I don't do a lot of baking but recently have been trying to make some things 100% whole grain. I've actually had some luck with recipes that list weight instead of volume measurements. What exactly is going on that makes it more difficult for the dough to do what I want, and why the heck can't I even come close to perfecting a 100% whole grain croissant?
—Sent by aliglia
If you've tried replacing all or part of the white flour in a recipe with a whole grain flour, you've probably noticed that your bread has come out denser and dryer than it normally does. Heck, you've probably even noticed that whole wheat bread from the supermarket tends to be denser than white—part of the reason why many little kids (or little kid-like adults) have an aversion to it. To understand why that happens, you have to understand both the structure of a wheat grain, and of bread.
A grain of wheat has three basic parts: the endosperm (that's where most of the starch and protein resides), the germ (which contains fats and vitamins), and the bran (which is mostly indigestible dietary fiber). White flour is milled from only the endosperm and produces a very fine powder that is a mixture of mostly starch, along with anywhere between 8 and 15% protein, depending on the desired end product (bread flours tend to be higher in protein, cake flours lower, all-purpose in the middle).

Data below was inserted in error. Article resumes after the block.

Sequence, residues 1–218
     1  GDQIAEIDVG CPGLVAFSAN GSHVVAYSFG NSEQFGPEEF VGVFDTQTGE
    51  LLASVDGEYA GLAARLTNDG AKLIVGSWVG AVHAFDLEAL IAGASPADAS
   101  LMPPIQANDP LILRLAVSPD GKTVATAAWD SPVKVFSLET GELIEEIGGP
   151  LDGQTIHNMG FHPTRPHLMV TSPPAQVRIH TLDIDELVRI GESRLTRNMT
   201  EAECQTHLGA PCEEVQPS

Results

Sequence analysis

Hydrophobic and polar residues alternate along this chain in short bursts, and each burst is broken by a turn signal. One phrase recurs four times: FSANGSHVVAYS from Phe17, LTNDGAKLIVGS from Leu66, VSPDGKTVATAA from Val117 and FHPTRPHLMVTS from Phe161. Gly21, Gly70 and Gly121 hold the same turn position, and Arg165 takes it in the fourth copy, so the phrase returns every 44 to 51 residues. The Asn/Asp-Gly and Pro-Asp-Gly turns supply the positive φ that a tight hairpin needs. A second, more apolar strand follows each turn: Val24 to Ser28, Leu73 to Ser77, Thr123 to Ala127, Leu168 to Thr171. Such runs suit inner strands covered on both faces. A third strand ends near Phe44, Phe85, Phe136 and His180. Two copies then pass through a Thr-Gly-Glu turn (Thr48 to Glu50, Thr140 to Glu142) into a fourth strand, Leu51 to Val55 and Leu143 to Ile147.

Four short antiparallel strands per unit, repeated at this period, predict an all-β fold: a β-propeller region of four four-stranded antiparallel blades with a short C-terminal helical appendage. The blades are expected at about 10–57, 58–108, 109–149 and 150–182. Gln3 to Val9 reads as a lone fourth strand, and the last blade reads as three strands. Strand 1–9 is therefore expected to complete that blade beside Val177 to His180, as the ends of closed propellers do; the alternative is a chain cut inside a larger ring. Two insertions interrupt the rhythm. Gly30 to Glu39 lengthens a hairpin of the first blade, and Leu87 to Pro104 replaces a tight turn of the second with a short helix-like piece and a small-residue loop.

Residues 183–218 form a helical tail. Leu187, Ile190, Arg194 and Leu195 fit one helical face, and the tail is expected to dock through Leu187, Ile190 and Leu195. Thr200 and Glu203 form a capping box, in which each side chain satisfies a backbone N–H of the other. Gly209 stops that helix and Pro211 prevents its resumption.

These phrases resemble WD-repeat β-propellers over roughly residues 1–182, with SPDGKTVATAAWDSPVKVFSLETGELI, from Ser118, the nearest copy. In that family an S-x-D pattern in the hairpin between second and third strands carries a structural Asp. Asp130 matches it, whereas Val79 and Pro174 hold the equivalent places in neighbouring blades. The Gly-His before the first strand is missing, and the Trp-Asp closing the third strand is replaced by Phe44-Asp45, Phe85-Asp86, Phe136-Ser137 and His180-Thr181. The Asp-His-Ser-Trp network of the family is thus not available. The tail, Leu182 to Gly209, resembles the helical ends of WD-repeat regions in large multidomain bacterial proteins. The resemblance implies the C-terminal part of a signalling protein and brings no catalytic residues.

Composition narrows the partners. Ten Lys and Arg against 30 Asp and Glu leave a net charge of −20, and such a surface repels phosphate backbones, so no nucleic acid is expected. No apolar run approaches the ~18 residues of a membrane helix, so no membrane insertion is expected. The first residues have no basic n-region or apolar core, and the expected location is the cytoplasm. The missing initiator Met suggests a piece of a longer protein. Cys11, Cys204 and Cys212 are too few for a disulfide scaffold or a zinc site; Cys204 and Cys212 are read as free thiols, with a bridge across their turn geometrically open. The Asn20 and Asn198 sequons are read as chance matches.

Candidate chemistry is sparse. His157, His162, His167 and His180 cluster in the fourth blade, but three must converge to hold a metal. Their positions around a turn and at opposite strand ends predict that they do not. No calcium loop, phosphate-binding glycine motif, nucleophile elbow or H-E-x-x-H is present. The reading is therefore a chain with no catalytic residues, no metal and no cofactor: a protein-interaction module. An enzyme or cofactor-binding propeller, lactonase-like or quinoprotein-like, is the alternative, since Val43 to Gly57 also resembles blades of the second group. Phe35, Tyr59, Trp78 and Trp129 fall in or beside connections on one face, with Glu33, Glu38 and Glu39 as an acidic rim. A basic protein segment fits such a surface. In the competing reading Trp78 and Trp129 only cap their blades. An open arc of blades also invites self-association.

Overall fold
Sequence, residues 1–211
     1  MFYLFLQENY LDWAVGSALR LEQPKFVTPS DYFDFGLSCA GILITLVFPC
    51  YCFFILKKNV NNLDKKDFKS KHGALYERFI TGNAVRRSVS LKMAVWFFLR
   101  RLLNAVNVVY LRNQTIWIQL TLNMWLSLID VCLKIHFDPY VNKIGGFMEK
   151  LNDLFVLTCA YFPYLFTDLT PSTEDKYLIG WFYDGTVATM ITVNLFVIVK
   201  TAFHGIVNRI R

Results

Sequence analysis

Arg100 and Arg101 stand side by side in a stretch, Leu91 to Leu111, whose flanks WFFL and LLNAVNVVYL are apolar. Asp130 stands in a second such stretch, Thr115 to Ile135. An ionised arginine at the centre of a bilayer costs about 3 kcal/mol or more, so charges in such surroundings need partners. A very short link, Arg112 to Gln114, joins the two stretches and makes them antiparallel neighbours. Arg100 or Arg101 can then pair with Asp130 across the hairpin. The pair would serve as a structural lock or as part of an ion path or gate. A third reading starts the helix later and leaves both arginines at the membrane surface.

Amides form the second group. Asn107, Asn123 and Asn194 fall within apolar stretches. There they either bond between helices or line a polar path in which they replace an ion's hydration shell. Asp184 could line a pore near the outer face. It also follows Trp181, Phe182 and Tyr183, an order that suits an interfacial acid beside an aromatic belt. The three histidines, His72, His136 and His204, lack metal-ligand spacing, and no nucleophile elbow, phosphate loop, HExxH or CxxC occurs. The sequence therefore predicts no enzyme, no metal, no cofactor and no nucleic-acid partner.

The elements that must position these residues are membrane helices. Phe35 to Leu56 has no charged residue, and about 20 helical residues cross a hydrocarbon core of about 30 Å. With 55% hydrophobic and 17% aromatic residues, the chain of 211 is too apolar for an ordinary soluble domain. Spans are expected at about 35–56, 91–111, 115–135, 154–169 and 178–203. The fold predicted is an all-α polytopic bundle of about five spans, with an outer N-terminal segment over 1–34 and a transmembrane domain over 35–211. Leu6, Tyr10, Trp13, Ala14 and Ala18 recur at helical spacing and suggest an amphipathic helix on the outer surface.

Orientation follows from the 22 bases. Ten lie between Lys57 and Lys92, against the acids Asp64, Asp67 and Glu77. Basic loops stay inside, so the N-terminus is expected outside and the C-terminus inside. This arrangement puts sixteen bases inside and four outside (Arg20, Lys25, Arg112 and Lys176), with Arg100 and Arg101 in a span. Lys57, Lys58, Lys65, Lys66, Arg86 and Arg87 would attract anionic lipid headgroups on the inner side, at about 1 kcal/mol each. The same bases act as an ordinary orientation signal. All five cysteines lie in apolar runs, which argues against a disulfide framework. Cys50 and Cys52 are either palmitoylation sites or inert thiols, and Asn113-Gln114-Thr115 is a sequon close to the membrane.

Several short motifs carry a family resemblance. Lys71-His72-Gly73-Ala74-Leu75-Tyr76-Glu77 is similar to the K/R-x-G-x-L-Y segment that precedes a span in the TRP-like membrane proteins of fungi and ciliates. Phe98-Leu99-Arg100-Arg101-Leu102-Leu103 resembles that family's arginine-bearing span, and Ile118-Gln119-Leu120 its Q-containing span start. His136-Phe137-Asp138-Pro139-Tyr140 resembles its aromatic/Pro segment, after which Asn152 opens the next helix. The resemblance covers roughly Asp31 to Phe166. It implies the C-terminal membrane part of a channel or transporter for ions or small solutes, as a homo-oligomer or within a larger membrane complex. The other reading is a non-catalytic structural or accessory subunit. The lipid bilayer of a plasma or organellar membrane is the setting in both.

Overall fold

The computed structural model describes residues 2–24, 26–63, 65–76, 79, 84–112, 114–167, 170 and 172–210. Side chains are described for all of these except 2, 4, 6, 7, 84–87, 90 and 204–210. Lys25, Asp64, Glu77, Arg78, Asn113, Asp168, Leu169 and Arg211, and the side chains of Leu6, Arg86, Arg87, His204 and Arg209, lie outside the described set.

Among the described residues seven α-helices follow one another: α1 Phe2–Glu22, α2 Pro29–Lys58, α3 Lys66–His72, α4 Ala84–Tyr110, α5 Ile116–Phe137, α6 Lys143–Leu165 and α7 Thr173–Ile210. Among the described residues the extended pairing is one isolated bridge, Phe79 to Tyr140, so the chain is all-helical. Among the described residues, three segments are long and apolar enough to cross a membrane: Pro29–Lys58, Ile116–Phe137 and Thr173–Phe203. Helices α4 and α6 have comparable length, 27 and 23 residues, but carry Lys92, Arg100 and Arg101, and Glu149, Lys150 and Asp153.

Whole wheat flour, on the other hand, is milled with both the bran and the germ intact. This makes the final product healthier both in terms of additional fats and vitamins, as well as essential dietary fiber. It does, however, have a negative impact on texture. The reason?
Well, consider that bread is essentially a solid foam*—that is, a matrix of bubbles that have been hardened after being inflated. In order to create these bubbles, you must first create gluten by mixing flour with water. There are two proteins in the flour—glutenin and gliadin—that intertwine with each other as they're mixed together in the presence of water. As they continue to stick together, eventually you get a strong, net-like network. This network is called gluten, and it acts much like the rubber in a balloon.
* More on that concept here).